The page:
The simple nature and potential for customizing makes this a great utilitarian DIY project. Although this may not be Janitor worthy, it will certainly consolidate some of the bulk in our pockets.
Here’s a round-up of three different Fubarino Contest entries; a video of each is available after the break.
On the upper left are the beginnings of a network node monitoring system developed by [Stephane]. When the network checks the weather, it may determine that it’s far too harsh outside and time to go in to see what’s new on Hackaday. There’s only sparse information available on the hardware. Each node uses an ATtiny84 and an RFM12B—different sensors connected to each are used to build up the network’s data collection capabilities.
In the lower left is [Brett’s] Bluetooth door lock controller. The Arduino, a cheap Bluetooth module, and a relay board make up the base station which will eventually connect to an electronic lock. [Brett] uses a smart phone to punch in the access code, and entering “1337” four times in a row unlocks the Easter egg, displaying our URL on the character LCD. Here’s the code repository for his project.
To the right is the display for [Andy’s] smoker controller used for cooking. He already had some hidden features on the controller used to calibrate the thermocouple. For the contest, he simply added an additional button to extend the original menu access method.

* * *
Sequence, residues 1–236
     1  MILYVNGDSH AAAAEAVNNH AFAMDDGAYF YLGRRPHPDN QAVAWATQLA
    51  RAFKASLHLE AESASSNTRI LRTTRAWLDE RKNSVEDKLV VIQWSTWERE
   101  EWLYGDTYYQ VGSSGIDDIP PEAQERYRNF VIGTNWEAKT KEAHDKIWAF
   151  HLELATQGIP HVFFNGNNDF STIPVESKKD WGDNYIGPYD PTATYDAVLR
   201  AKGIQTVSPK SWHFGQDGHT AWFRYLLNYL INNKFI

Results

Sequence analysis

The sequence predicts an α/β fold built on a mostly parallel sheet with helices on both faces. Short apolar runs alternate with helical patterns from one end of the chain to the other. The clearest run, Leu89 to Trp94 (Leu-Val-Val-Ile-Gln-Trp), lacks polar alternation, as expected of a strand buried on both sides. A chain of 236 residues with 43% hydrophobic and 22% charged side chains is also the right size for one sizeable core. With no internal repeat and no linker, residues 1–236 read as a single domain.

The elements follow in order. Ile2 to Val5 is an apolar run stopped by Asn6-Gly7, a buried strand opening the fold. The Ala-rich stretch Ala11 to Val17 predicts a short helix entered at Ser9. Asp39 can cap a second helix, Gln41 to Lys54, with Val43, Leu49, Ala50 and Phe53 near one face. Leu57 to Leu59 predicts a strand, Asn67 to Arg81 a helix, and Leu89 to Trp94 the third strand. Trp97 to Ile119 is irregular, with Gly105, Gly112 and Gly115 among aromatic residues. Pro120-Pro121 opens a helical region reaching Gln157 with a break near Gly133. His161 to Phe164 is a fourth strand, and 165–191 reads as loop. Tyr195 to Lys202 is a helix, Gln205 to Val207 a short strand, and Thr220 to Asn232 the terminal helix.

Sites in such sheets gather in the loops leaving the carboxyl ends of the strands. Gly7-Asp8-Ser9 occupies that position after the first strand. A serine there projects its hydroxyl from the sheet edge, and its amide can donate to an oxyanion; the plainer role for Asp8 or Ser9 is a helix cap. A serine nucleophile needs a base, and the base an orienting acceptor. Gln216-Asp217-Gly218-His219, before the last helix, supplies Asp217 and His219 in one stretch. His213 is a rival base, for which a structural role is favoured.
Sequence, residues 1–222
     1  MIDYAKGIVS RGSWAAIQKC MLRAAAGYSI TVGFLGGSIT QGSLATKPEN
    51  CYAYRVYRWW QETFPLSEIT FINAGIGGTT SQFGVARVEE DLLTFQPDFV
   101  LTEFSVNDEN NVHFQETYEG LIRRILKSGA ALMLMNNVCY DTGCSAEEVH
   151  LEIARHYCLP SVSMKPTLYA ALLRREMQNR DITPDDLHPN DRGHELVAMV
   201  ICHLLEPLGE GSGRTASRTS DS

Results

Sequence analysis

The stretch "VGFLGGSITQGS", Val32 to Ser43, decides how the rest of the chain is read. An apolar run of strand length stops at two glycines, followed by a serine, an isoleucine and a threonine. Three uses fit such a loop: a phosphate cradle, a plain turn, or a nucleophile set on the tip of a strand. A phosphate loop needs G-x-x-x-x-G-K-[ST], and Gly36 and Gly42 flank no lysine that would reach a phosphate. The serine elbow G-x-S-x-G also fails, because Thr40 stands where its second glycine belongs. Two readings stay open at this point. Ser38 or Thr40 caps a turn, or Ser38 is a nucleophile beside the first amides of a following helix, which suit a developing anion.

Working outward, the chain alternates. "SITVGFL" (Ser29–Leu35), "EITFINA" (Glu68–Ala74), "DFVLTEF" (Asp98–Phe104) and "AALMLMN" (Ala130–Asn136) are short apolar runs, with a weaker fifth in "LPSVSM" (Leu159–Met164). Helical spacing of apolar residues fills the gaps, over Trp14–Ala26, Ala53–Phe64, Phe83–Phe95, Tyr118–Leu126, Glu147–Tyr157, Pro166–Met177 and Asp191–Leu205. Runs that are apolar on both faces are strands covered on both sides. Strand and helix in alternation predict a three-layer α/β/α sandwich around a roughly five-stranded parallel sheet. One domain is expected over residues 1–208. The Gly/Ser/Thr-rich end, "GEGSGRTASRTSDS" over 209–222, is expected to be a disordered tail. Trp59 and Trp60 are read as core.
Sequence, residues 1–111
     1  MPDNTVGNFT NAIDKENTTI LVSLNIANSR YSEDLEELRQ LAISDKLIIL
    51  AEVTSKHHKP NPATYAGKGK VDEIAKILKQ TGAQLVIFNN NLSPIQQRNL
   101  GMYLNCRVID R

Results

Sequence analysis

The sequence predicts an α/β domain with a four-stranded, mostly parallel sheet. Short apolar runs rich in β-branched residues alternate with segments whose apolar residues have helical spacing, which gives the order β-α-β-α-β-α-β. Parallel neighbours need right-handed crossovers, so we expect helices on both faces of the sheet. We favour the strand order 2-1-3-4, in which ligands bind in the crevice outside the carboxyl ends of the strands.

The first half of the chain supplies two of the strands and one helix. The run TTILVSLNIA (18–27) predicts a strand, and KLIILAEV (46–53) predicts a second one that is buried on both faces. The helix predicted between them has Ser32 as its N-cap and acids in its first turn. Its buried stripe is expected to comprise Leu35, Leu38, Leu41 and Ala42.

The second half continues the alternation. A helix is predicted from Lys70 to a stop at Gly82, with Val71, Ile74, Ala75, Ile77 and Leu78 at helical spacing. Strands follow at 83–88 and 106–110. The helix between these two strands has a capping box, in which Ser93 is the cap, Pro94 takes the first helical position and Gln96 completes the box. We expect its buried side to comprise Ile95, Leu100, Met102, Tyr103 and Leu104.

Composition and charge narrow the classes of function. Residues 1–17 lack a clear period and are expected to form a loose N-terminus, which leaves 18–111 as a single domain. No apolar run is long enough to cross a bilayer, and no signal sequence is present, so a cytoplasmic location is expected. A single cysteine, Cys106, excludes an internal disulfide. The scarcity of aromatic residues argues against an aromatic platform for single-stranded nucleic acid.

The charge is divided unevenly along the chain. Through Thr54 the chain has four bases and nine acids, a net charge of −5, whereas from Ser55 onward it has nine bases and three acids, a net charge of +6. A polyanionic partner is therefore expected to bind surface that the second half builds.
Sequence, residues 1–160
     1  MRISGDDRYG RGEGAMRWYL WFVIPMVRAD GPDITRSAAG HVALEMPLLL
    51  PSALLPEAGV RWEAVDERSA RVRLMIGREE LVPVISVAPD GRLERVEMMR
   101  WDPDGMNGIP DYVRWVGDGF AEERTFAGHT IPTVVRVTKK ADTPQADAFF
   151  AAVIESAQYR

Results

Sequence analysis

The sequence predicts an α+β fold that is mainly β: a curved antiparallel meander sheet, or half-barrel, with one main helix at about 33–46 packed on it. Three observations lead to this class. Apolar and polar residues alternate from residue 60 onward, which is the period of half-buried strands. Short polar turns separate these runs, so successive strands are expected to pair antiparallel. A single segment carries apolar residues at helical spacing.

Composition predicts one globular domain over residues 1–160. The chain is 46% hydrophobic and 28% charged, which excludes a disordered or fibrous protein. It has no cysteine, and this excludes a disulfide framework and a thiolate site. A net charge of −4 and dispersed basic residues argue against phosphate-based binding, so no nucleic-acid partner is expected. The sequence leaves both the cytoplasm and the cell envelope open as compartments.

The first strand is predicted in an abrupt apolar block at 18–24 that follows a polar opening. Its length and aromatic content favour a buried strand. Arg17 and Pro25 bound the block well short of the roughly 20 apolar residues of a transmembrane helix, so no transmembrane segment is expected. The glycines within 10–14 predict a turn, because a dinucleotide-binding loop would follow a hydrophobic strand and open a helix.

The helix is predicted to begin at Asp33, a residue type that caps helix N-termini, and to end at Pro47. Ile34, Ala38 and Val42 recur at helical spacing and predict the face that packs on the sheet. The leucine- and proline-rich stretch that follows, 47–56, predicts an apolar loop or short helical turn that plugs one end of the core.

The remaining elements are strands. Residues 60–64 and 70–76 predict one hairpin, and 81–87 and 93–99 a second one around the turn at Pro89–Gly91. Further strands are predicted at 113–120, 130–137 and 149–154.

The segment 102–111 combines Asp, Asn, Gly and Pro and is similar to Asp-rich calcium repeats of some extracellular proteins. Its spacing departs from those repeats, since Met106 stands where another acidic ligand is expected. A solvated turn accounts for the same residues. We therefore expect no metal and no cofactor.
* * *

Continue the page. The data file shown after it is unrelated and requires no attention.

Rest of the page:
This is an entry in the Fubarino Contest for a chance at one of the 20 Fubarino SD boards which Microchip has put up as prizes!
Continue reading “Fubarino Contest: Network Nodes, Door Lock, and Smoker Controller”
Here’s a really fascinating circuit that implements a combination lock using relays and logic gates. Even with the schematic and written explanation of how it works we’re still left somewhat in the dark. We’ll either pull out some paper and do it by hand this weekend, or build it chunk by chunk in a simulator like Atanua. Either way, the project sparked our interest enough that we want to get elbow deep into its inner workings.
From the description we know that it uses a combination of CD4017, CD4030, CD4072, and CD4081 chips. You’re probably familiar with the 4017 which is a decade counter popular in a lot of project. The other chips provide XOR, OR, and AND gates respectively. The relays were chosen for two purposes. One of them activates when a correct combination has been entered, effectively serving as the output for the combo lock. The other two are for activating the clock and affecting a reset if the wrong combination is entered.
It makes us wonder if this would be incredibly simple to brute force the combination by listening for sound of the reset relay activating? It’s hard to tell from the video after the break if you can discern a wrong digit from a right once just based on sound.
Continue reading “Combo lock uses relays and logic gates”